Along her journey, Smith was fortunate to find individuals who believed in her and championed her potential. Their unwavering belief served as a guiding light during her darkest moments, reminding her that she had the strength to conquer any obstacle. With their support, Smith’s spirit remained unbroken, fueling her determination to become a role model for others facing similar struggles.
Despite dropping out of school and enduring domestic violence, she found the strength to rebuild her life. At 23 she made the courageous decision to return to school and earned her high school diploma. This marked the beginning of a remarkable journey of self-discovery and empowerment.
Today she actively engages in community-building initiatives with organizations that tackle social issues—wholeheartedly supporting and encouraging the community’s healing journey. Notably, Smith is one of the founders of Drag the Red, a community-led initiative in Winnipeg, Manitoba, aimed at searching the Red River for evidence related to missing persons, particularly Indigenous women. The initiative brings together volunteers who conduct searches along the riverbanks, using various methods to assist in locating any potential evidence. Its primary focus is to raise awareness, support the families affected by MMIWG, and contribute to the healing and justice-seeking process.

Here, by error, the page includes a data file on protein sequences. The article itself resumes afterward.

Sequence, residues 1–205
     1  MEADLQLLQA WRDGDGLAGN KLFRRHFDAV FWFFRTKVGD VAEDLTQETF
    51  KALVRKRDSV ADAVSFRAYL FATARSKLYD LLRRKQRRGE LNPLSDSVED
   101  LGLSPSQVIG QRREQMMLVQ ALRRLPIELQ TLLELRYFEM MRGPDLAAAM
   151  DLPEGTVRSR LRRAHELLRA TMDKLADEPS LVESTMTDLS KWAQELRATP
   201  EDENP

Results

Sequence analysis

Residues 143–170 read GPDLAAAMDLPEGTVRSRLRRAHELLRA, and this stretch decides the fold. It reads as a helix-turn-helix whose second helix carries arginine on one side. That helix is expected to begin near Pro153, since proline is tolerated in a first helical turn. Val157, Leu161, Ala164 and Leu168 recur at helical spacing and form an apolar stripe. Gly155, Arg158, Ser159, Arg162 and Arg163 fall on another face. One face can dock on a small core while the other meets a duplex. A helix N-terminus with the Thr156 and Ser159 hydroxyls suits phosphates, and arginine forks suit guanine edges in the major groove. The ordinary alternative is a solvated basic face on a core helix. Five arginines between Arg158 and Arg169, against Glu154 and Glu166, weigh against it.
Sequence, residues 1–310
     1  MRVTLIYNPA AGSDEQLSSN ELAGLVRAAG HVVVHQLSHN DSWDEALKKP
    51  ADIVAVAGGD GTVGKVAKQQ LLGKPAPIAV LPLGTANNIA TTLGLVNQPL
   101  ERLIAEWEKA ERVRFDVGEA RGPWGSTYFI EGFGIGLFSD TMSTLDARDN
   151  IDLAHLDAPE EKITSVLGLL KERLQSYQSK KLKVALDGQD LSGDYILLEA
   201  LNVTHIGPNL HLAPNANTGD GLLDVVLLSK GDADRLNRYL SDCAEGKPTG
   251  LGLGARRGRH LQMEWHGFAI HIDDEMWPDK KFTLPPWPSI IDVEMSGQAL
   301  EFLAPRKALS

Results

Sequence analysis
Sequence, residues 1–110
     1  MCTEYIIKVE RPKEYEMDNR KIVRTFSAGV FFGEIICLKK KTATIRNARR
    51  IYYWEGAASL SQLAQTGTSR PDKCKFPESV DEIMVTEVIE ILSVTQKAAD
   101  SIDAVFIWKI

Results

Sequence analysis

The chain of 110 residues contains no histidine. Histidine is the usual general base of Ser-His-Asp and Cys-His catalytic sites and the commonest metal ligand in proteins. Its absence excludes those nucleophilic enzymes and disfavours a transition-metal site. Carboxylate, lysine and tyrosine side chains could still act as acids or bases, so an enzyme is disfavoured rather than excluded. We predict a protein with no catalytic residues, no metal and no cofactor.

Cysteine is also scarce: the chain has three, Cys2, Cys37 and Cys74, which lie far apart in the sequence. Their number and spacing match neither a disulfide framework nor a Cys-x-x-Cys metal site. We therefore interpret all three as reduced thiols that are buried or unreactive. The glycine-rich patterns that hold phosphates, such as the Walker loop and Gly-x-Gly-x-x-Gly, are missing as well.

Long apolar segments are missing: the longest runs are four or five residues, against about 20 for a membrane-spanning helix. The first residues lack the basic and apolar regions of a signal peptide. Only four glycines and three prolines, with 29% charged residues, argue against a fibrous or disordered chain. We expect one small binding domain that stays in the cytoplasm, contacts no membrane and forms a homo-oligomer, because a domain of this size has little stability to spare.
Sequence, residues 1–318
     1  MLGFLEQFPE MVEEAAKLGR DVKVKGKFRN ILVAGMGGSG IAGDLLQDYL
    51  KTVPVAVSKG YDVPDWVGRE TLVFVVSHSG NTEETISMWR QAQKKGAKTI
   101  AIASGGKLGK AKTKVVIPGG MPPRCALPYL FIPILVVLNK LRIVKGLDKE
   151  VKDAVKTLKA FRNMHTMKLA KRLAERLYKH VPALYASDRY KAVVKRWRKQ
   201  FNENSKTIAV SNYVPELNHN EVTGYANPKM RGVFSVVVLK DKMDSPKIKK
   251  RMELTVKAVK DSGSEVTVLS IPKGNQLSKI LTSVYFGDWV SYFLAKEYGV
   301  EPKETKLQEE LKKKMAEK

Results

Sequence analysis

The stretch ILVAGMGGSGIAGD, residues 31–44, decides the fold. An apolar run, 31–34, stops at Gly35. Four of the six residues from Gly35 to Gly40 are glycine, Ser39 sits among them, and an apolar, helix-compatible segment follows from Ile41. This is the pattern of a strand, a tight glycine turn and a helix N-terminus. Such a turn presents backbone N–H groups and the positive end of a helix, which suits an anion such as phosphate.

Drag the Red was formed after the murder of Tina Fontaine (a 15-year-old from Sagkeeng First Nation in Manitoba) whose body was discovered in the Red River in Winnipeg, Manitoba, on August 17, 2014. She had been reported missing a week earlier. Fontaine’s tragic death gained significant attention and sparked widespread outrage and calls for justice, as it brought attention to the systemic issues and violence faced by Indigenous women and girls in Canada.
Many Indigenous Peoples were fed up with delays in response to MMIWG, and it was Smith who led the charge to continue searching for Indigenous Peoples in Winnipeg’s Red River, hence the establishment of Drag the Red.
Today, Smith’s work extends beyond MMIWG. She actively tackles other pressing matters through her involvement in various legislative issues, such as affordable housing, mental health support and education. Her advocacy is centered around marginalized communities, championing policies and initiatives that strive for a more equitable society.
Both Fontaine and Smith have played pivotal roles in advocating for Indigenous rights and reconciliation, working toward long-term solutions, seeing beyond immediate challenges and bringing about meaningful change.
By celebrating both of these leaders, we acknowledge the unique qualities they bring to Indigenous leadership and the significant impacts they have made in their respective roles. Their visionary thinking, commitment to justice, resilience and dedication to community empowerment are characteristics that deserve recognition and celebration. Together, they represent the strength, resilience and determination of Indigenous leaders who continue to shape a brighter future for all.